The Under-19s won all but one of their matches at the World Cup, losing only to eventual champions India. The format of the tournament and their run rate meant they narrowly missed out on qualification to the semi-final, though. It gives Devnarain enough reason to say the future looks bright.
She fully expects at least a couple of players from the very young team make it to the senior side, but it could take three to four years. And with the increased profile of the sport, there will be a lot asked of these emerging players.
“No team wants to be a one-hit wonder,” she said. “It does add pressure to the next generation, the emerging players, the U19 players, and the current squad. We don’t want to peak and then come down.
“Maybe there may be a slight dip, but we have to put into place programmes to make sure these ladies are exposed to international cricket and can perform in international standard where they have consistent performances like that.”
Cricket South Africa, for their part, recently declared their intention to streamline the functioning of the women’s game.
“We’ll soon be advertising the women’s role of cricket and having someone who can look after the entire pathway of women’s cricket, especially the top end of it,” Enoch Nkwe, director of cricket, was quoted in News24. “We need to make sure we build a strong feeder system into our national team.”
That is on Devnarain’s wishlist too. The former international believes a T20 tournament like the Women’s Premier League or the Women’s Big Bash League, as well as more domestic games will be vital.
The domestic set-up now has women playing provincial T20 and one-day tournaments. While the Top Six group play around eight one-day and eight T20 matches in a season, the two groups below (Pool A and Pool B), play just four games in each format every season. There is also a Women’s T20 Super League, featuring four teams.
“That’s nowhere near close to become a seasoned cricketer,” she says. “To find a diamond in the rough, to get some professionalism going, I would like the girls to play during the winter period.”
During the South African winter, top internationals travel abroad for leagues or county cricket, while some others stay back for camps. Around 16 players also attend the winter academy in June and July. The provinces, however, are not working with their teams – which means the off-season could be an opportunity to add game time.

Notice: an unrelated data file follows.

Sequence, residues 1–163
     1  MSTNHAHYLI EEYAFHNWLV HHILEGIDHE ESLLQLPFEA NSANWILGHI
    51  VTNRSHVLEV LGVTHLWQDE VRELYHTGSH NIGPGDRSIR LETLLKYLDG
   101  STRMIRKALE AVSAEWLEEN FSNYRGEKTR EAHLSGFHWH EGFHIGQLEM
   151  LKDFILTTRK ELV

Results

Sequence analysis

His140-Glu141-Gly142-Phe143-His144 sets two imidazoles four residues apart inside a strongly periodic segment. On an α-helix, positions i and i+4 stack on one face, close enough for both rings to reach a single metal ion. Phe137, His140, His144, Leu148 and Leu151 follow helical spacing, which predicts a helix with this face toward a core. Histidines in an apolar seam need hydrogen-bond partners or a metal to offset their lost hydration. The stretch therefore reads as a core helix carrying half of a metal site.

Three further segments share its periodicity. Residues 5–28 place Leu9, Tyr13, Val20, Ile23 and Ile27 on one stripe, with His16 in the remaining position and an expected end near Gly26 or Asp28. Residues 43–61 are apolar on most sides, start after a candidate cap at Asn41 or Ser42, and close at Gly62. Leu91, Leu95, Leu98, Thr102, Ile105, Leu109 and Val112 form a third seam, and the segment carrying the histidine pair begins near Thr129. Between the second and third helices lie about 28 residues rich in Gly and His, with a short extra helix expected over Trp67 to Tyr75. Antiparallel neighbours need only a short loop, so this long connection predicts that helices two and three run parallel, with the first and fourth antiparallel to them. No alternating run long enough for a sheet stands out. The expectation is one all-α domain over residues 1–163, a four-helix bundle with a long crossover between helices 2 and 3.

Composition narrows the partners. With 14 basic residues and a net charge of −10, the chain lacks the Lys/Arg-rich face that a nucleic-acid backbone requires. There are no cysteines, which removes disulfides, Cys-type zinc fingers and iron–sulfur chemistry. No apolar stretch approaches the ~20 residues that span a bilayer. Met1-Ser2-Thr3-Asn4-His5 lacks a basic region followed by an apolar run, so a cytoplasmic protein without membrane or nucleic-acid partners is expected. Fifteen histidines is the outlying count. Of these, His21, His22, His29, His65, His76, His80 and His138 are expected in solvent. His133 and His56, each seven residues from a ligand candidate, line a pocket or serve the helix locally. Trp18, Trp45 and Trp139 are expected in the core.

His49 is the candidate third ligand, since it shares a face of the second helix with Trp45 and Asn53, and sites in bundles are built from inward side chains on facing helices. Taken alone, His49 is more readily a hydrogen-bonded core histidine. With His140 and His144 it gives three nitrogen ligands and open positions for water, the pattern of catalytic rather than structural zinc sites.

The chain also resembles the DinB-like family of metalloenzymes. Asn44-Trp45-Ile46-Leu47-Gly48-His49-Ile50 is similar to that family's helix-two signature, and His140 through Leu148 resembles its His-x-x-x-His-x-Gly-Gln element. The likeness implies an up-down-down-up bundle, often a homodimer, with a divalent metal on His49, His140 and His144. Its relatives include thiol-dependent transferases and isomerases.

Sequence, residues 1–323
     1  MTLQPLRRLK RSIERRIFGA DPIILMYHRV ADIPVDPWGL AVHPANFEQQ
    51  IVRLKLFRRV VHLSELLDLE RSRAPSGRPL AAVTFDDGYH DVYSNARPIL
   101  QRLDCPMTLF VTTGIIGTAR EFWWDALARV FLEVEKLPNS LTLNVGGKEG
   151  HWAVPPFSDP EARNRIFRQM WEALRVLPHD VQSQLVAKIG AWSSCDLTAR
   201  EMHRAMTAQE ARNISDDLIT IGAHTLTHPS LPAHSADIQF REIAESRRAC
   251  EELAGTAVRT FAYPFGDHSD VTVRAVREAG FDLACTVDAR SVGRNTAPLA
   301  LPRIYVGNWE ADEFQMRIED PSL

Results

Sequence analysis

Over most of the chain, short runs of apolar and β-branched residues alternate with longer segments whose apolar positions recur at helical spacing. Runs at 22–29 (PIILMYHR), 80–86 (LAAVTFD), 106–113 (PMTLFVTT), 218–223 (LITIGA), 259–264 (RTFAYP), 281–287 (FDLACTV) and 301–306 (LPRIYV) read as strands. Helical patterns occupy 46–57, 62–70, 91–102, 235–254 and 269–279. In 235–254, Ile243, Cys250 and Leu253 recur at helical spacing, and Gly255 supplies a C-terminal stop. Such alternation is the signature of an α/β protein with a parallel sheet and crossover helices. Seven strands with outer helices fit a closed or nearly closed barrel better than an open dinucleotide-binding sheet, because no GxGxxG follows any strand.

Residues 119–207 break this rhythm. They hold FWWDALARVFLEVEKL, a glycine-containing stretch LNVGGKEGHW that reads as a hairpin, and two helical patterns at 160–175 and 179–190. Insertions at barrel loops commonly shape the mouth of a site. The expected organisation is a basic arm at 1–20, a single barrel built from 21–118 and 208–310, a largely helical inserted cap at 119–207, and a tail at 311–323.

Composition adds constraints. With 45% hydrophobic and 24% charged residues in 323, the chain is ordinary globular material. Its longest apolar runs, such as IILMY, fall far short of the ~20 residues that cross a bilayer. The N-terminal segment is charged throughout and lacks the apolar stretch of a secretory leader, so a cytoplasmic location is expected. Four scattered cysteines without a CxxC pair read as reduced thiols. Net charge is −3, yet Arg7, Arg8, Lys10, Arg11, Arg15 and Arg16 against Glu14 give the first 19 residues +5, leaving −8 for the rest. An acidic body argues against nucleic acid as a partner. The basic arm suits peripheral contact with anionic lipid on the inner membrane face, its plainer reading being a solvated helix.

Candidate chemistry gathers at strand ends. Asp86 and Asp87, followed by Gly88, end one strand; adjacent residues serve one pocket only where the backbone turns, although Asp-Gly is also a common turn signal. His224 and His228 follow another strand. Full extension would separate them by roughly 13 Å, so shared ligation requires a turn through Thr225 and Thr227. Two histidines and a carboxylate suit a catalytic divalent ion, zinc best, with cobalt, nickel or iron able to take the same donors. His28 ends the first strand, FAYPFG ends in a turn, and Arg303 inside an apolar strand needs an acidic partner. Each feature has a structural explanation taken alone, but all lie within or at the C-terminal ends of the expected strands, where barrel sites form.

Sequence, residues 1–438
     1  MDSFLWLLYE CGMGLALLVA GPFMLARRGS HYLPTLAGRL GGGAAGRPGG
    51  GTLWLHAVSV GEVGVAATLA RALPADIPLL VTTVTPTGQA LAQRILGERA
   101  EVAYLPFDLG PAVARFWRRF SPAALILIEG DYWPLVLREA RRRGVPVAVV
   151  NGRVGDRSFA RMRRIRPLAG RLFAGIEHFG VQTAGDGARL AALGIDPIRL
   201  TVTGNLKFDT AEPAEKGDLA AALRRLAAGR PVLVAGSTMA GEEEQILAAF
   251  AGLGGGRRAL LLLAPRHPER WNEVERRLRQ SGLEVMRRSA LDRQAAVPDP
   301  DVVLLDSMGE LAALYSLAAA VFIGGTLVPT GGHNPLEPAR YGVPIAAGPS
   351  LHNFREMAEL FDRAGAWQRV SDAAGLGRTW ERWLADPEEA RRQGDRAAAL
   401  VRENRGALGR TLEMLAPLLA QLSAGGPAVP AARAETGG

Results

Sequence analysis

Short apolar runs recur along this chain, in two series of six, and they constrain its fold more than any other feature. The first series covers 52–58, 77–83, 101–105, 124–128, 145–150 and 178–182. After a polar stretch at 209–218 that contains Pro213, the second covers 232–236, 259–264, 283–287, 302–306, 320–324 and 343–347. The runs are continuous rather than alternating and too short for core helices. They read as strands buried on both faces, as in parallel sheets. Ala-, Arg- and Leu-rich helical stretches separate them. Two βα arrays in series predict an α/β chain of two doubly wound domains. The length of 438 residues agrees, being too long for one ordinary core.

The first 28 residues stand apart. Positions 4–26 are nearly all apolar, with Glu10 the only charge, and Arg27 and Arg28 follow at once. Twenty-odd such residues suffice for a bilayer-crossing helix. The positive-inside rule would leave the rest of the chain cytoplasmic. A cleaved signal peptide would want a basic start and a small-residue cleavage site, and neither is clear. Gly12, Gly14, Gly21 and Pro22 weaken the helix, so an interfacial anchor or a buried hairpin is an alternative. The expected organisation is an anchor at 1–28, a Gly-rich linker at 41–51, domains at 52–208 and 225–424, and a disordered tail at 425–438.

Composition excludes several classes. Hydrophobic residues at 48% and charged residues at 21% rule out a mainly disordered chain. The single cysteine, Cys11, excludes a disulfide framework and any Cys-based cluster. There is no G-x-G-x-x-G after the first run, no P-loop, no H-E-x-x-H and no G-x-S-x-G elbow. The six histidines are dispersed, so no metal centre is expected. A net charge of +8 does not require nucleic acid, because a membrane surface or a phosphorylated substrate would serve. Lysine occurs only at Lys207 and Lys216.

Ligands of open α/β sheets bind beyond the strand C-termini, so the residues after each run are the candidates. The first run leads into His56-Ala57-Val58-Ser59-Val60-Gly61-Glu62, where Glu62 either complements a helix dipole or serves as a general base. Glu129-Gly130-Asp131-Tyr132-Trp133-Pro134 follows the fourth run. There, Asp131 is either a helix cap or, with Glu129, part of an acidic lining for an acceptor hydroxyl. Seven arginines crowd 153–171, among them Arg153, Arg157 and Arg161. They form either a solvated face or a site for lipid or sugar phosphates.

A short season makes the step up to the rigours of international cricket that much harder. “If we get someone from the domestic structures into international cricket, they’re not going to be conditioned for that,” she explains. “They’re conditioned to play five months of cricket, a game every month, training twice a week.”
CSA’s fitness standards have come under scrutiny following the retirements of Lee and van Niekerk. But, this is something that is being emphasised at all levels, to be part of the “DNA” of South African cricket. Even under-19 players have missed out on selection because of falling short.
“It’s a policy that S&C is non-negotiable,” says Devnarain. “The [under-19 and emerging] group is lucky enough to have a full-time coach, provincial coach, S&C, physio, so it mirrors the Proteas environment.
“The problem that I have with the system as it is now is … players play provincial cricket unfit and that’s what we’re trying to change.”
Perhaps hardest to replace are the intangibles – say the aggression of an Ismail, the comforting hug of a du Preez, the fighting spirit of van Niekerk: “From a talent point of view, there are players. It’s on the coaches to make people believe they can achieve [great things].”
But, she adds, South African cricket has to make sure that this sudden exodus without having ideal replacements in place “never happens again”.
“If you sort that out, the DNA of the system can be better.”